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What are Standard Operating Procedures in healthcare?

Every field has its own set of detailed instructions which can ensure the quality of functioning. The medical field is no exception. To ensure the most appropriate and quality care for the patients in both outpatient and inpatient settings, hospitals, doctors and each of the departments follow a set of instructions called Standard Operating Procedures (SOPs). According to the National Health System Resource Centre, India the definition of Standard Operating Procedure is –

“In Healthcare, SOP is defined as a written set of instructions that a healthcare worker should follow to complete a job safely, with no adverse effect on personal health or environment and in a manner that maximizes the probability of a beneficial health outcome in an efficient manner. In simple terms, an SOP is…a written process.”

There is an SOP for all kinds of situations and emergencies present in a hospital. Physicians in an emergency room have a specific SOP for patients who come in unconscious. Laboratory Technicians have SOPs on how to handle, test and discard different bodily fluids. There are even protocols on how to discard these fluids. There is even an SOP associated with the questions to be asked when a patient comes in for a consultation. 

The Origin of the term SOPs is not clearly known. According to the Encyclopedia Britannica, the term came into existence in the mid-20th century and was already in use during the various military operations during World War II. As of today, there are SOPs available in all kinds of fields from military to business to manufacturing processes to medical practices. Not only are the SOPs different for different fields, they are also different for different aspects within the fields. The International Conference on Harmonisation in 1990 outlined the necessary SOPs for clinical practice so as to refine and streamline the regulatory requirements for various medical products. 

The SOPs are formulated mostly by the ethics committee as they decide the working of clinical trials. Clinical trials involve animal subjects and human volunteers for various products. SOPs for clinical trials involve screening the patients for any previous diseases, taking their consent, assessing the effect of the product and treating the patients during the course of the trial. A necessity has come for SOPs to be validated and enforced in routine clinical practice for every patient.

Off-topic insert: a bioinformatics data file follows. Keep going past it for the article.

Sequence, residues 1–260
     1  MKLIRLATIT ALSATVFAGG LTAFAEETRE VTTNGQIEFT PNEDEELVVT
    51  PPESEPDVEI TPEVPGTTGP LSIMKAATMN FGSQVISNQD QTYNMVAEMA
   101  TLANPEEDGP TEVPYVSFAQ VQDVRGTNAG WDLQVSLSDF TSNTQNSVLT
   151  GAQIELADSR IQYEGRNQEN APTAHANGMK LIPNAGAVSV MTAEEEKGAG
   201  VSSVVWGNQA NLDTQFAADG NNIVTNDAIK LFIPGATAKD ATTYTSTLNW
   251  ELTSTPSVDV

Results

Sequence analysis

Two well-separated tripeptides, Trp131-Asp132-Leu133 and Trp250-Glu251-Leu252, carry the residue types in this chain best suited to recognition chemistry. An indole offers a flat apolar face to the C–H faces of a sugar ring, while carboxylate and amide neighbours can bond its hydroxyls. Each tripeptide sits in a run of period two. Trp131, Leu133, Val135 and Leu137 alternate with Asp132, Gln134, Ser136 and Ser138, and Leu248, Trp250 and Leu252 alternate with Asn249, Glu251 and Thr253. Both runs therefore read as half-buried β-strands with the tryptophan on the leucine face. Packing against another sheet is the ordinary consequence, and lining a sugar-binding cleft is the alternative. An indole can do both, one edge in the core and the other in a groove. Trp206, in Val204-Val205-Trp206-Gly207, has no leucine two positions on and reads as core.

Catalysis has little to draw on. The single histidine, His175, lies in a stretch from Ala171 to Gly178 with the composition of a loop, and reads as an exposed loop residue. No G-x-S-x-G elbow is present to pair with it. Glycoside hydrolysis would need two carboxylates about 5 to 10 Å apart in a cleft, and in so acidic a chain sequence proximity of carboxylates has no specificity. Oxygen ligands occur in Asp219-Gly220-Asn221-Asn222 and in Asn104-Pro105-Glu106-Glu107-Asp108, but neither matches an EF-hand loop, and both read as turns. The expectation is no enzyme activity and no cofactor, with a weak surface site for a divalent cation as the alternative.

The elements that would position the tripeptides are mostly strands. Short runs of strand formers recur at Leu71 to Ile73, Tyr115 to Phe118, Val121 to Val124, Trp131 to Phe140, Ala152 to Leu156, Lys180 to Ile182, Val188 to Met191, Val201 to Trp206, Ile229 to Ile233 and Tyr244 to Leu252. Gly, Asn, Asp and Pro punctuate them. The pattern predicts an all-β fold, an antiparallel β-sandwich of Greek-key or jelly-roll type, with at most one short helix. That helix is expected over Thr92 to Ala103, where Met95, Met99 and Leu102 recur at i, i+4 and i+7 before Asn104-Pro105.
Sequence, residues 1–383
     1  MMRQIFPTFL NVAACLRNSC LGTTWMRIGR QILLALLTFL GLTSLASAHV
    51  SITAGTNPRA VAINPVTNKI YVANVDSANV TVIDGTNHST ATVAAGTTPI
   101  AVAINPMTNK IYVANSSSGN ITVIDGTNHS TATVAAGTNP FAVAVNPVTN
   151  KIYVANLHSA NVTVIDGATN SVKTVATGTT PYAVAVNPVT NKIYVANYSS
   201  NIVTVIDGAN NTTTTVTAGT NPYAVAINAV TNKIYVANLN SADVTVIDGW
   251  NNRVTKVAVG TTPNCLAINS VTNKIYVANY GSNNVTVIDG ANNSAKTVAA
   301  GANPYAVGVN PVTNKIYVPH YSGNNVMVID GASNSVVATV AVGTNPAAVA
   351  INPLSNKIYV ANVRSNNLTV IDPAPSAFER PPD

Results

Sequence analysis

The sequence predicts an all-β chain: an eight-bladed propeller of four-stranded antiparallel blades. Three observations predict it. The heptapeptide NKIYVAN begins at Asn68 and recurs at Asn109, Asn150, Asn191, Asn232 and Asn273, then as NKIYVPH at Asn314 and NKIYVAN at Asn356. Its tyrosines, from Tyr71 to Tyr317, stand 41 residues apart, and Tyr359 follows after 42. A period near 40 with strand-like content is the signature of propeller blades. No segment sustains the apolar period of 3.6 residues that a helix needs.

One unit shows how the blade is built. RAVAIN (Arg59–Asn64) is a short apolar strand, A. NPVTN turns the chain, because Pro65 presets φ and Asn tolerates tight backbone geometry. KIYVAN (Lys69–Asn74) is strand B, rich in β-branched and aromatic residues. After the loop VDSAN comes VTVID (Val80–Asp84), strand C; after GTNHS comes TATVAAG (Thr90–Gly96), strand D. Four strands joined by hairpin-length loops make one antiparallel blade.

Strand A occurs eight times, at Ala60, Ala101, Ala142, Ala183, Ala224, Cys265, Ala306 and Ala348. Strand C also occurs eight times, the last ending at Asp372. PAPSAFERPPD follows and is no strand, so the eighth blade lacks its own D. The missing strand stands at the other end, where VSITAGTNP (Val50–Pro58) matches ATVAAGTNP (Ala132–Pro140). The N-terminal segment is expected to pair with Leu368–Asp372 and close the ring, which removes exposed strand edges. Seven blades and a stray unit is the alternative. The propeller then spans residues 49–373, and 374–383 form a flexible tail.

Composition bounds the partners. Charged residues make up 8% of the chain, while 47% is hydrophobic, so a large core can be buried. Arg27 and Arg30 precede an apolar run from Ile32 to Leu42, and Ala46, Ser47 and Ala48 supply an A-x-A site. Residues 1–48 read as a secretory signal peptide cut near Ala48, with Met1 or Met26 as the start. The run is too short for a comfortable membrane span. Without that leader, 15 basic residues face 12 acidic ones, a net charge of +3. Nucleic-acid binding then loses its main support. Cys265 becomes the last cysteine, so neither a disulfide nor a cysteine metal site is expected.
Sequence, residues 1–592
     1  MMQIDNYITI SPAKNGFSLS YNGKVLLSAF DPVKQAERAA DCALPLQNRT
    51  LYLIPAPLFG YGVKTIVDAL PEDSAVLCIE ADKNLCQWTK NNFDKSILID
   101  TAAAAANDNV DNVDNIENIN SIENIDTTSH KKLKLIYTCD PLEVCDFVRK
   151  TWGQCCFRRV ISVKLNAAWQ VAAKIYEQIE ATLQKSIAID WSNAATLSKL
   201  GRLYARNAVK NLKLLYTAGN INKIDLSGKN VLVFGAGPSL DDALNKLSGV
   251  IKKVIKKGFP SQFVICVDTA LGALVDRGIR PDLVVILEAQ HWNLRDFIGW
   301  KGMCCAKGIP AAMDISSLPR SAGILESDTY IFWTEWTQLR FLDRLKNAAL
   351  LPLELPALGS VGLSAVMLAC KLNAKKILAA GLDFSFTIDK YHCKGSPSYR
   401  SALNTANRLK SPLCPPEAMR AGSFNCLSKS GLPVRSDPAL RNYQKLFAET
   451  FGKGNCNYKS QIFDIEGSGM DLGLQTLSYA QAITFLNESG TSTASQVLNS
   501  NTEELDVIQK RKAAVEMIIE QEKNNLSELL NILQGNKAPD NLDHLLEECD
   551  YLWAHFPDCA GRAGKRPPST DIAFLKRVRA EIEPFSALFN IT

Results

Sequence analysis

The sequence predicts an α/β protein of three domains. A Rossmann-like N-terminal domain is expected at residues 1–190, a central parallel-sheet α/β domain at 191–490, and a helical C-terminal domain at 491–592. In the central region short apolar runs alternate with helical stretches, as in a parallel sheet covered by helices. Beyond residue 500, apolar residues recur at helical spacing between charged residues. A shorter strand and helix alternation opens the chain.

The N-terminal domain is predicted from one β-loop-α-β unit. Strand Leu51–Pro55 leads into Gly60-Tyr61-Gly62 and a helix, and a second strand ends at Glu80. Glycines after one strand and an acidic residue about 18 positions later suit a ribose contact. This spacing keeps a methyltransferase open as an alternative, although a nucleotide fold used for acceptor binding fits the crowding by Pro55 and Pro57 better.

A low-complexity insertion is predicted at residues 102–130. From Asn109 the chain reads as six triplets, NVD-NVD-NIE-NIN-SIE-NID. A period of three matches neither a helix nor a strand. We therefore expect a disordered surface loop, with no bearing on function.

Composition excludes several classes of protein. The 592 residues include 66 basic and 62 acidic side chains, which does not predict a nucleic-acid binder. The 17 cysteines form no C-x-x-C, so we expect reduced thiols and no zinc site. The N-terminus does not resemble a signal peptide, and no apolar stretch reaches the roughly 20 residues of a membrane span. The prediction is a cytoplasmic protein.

When a patient goes to consult a doctor, the doctors ask a specific set of questions to understand and determine the cause of infection or disorder. These questions usually include the most recent occurrence of the infection, if there was any history of the disorder in the family, in some cases the kind of lifestyle and work the patient is doing, what the patient recently ate if it is food poisoning, the date of the previous menstrual infection if the patient is at a gynaecologist etc. If SOPs are in place, information regarding these answers provided by the patient will not be overlooked and ensure proper medical care

SOPs are different from guidelines in the sense that they are more rigid and detailed. SOPs help to interconnect clinical practice guidelines and the necessities at the point of care. They also ensure that the results and conclusions obtained from randomised clinical trials get incorporated into clinical practice within a short span of time. SOPs concerning outpatient consultations can inform the patient and their families about the nature of the treatment starting from diagnosis, treatment duration, possible adverse effects etc. These SOPs can be constructed during the time of consultation. 

SOPs are essential to recognise several instances such as –

  1. Possible adverse outcomes for a patient suffering from a mood disorder 
  2. Risk of unwanted side effects with medication (e.g. a family history of diabetes mellitus in a patient advised olanzapine), 
  3. Comorbid medical disorders (e.g. acid-peptic disease in a patient advised fluoxetine), 
  4. Drug interactions 
  5. The need for medical procedures like ultrasonography 
  6. Analyse the thyroid functioning in people with mental health issues
  7. Physical and metabolic assessment while providing drugs that are capable of causing side effects 
  8. For special therapies like using electroconvulsive therapy and the emergency situations that may arise due to this event

SOPs also have other advantages such as reducing miscommunication, ensuring regulatory compliance, minimizing possibilities of malpractice, improving continued medical education, and integrating quality control. The SOPs must be routinely checked and modified to stay up to date with recurring diseases and research to further improve medical care. 

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